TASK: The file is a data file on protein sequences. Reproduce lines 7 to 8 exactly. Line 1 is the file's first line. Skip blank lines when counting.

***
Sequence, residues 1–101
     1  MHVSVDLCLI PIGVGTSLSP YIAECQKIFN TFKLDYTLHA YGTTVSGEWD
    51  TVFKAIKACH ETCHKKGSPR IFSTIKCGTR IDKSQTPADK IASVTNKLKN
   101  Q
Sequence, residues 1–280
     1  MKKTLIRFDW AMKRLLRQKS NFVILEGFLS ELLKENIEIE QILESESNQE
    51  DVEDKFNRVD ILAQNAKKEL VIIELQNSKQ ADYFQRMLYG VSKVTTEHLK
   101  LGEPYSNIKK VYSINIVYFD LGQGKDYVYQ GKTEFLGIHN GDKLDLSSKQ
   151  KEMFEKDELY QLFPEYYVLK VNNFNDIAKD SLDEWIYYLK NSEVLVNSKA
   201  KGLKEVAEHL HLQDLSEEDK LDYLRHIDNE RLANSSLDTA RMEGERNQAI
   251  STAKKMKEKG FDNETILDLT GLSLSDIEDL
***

    51  DVEDKFNRVD ILAQNAKKEL VIIELQNSKQ ADYFQRMLYG VSKVTTEHLK
   101  LGEPYSNIKK VYSINIVYFD LGQGKDYVYQ GKTEFLGIHN GDKLDLSSKQ